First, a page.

Beginning in September, online video ad network Tremor Video will feature the privacy icon on virtually all of the ads that appear on its network, mostly 15- and 30-second commercial spots common to TV. Tremor is the largest video ad network, serving more than 700 million ads to more than 20% of the internet audience acccording to comScore’s May report, writes Ad Age.
A look at how significant mobile has become as a channel for online businesses is examined in a study from investment firm, Rutberg & Co. The results were shared with PaidContent.org ahead of the bank's annual Future:Mobile conference. Among its findings: Pandora sends more than 60% of its music streams to mobile devices, and more than 60% of new users are coming from the mobile platform. Also, Facebook’s mobile users are twice as active as those accessing from PCs.
AisleBuyer, a mobile self-checkout and mobile commerce solution, has another $7.5 million in funding to spruce up its shopping app. AisleBuyer added 19,000 store locations this year as well as shopping features such as multi-channel checkout that allows shoppers to purchase from a website while shopping in-store, and a scan feature for credit card data.
Mobile real-time bidding platform Tapad has raised $1.8 million as the company looks establish itself in the retargeting space. E-commerce and social shopping have boomed this past year, retargeting has become particularly attractive to marketer and publishers, reports PaidContent.
- "When a consumer 'likes' your page, she has performed an action similar to giving you her email address -- except now you can not only market to her, but also to her friends," writes Dave Williams in "The Key to an Effective Facebook Ad Formula: EdgeRank" for Ad Age Digital. The article takes a close look at Facebook marketing and the EdgeRank measure.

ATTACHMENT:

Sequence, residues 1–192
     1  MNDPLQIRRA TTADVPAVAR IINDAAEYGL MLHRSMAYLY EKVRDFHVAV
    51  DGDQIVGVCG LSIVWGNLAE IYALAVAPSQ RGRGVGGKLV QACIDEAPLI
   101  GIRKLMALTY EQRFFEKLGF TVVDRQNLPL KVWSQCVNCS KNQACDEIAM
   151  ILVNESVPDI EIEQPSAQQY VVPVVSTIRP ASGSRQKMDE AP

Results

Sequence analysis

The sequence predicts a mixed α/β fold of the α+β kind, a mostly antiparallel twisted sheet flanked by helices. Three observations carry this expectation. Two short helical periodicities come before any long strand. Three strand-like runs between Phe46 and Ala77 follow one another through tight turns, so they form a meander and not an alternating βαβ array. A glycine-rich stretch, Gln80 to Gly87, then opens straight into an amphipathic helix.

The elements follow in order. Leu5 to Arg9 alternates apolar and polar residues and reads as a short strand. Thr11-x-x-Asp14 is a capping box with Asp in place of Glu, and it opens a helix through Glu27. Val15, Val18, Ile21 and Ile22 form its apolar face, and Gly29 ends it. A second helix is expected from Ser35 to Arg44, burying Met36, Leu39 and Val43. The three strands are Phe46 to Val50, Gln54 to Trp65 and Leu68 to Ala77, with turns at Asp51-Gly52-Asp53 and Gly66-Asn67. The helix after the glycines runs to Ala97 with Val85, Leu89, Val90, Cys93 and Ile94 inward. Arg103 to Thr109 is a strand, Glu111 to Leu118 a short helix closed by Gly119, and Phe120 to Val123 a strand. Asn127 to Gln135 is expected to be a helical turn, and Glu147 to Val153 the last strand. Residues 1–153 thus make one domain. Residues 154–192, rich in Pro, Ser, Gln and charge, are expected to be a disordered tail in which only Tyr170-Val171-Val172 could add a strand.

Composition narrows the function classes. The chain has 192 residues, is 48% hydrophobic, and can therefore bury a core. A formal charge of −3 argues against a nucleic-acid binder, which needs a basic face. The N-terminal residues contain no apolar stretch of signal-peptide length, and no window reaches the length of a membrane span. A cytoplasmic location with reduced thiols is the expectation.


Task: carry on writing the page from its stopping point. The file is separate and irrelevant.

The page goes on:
Prophet’s 2011 State of Marketing Study found that senior executives in both marketing and general management are grappling with a variety of pressures as they seek to drive growth and build brand equity.
A key finding of the study is that executives still believe, despite increasing evidence to the contrary, that the company (rather than the customer or other stakeholders) is the primary “owner” of the brand. Overall, 66% of respondents believe the company owns the brand. 71% of non-marketers were of the view that the company — not customers — is the primary “owner” of the brand. It was a view more prevalent in the business-to-consumer environment than in business-to–business, 65% and 59% respectively. 54% of the marketers surveyed had that view.
All respondents also recognize that the dramatically changing dynamics between company and customers and the broader network of influencers are causing their control over their brands to slip away. Brand relationships are now influenced by networked brand building, characterized by multiple channels and influencers, according to the Prophet analysis.
Given this reality, more than 40% of the business-to-consumer respondents said they believed they would have less control over their brands over the coming three years than today. By contrast, only 28% of business-to-business participants were of that view.